Wednesday, June 12, 2024

The Self-Sufficiency Garden: Feed Your Family and Save Money


The Self-Sufficiency Garden is a concise and useful guide to increasing food security by gardening by Huw Richards and Sam Cooper. Released 14th May 2024 by Penguin Random House on their DK imprint, it's 224 pages and is available in hardcover and ebook formats. It's worth noting that the ebook format has a handy interactive table of contents as well as interactive links and references throughout.The links in the ebook format are honestly absolute gold and make the book a joy to use.

In times of increasing food insecurity, supply line and distribution chain disruptions and distrust/boredom with the incredibly limited selections available to most people who don't have ready access to local farmers markerts, coupled with the psychological and health benefits of being in contact with growing plants and having more control over our food as well as the sense of accomplishment that comes from being more self sufficient, it's easy to see why more people are making a conscious choice to garden. 

This is a good basic guide which includes all the necessary info to arm beginner (and non-beginner) gardeners with what they need to plan, plant, grow, harvest, and succeed with vegetable gardening (with basic info which also applies to other parts of horticulture and flower gardening). It's arranged in digestible parts, with a logical progression: planning & basic terminology, planning & creating different gardens with season extenders and other aids, planting and growing crops arranged by the calendar year (with monthly tasks and categories), recipes for using and preserving the harvests, and a general broad-range skills and troubleshooting chapter (lots of good info here). The author/publisher have also included a links and resources lists for further reading.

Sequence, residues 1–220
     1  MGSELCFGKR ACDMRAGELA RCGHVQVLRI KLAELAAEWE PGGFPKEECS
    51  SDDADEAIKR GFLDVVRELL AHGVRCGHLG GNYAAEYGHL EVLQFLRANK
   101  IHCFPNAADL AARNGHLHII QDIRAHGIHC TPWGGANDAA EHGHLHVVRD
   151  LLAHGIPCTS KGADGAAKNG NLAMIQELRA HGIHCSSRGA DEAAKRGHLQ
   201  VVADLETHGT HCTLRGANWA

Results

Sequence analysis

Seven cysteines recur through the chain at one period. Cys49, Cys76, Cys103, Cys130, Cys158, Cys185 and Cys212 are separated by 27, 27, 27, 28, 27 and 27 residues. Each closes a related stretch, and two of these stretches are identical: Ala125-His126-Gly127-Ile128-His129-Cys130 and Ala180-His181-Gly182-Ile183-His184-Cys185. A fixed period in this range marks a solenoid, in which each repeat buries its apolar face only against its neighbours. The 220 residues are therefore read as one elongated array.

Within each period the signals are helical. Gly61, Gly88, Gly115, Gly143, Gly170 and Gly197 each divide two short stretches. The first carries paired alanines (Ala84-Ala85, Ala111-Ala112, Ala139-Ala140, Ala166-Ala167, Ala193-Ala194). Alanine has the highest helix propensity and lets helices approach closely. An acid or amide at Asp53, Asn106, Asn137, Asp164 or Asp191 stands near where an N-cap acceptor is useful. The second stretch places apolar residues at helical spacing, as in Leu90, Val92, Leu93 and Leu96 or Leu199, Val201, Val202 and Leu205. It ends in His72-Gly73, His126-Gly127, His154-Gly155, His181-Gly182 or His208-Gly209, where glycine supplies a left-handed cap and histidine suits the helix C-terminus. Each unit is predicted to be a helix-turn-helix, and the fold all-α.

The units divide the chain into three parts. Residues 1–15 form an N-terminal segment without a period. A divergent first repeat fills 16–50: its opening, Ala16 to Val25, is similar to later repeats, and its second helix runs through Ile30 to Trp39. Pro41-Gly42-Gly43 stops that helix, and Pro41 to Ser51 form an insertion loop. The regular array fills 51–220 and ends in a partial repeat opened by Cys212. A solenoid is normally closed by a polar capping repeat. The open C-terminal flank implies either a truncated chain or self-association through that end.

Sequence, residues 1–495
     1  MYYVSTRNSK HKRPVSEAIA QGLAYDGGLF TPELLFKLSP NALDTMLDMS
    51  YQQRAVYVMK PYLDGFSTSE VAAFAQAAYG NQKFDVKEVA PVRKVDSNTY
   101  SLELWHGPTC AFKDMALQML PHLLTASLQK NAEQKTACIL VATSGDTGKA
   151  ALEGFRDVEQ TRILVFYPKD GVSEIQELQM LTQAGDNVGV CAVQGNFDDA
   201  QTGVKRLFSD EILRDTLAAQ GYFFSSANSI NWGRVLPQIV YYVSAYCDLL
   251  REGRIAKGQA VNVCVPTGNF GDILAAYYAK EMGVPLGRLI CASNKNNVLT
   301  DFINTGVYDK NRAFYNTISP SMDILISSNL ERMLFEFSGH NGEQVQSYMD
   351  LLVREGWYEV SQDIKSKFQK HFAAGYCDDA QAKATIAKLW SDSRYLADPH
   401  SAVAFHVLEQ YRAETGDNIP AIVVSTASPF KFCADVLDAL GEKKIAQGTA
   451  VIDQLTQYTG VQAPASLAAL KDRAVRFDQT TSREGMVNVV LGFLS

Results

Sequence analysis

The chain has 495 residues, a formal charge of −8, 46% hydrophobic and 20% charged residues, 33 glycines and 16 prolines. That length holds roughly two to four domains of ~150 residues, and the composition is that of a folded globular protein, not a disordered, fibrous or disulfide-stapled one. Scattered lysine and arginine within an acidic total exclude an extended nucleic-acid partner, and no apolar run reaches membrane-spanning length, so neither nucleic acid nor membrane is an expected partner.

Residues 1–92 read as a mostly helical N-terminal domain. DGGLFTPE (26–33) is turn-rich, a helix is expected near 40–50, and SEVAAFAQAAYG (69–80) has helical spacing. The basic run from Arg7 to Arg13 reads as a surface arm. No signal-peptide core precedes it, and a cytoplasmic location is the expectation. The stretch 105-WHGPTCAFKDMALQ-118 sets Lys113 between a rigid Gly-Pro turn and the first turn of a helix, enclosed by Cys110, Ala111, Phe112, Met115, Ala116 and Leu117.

The book is well photographed, and includes many clear color photos of gardens and the recipes. It's helpful to see what fermenting vegetables can/should look like, especially for readers who are new to canning/preserving.

Four and a half stars. Full of information. This would be a superlative choice for public and school library acquisition, home use, allotments/gardening groups, smallholders (with or without urban locations), and similar. Tutorial and recipe lists have measurements given in imperial (American) units with metric units in parentheses (yay!).

Disclosure: I received an ARC at no cost from the author/publisher for review purposes.

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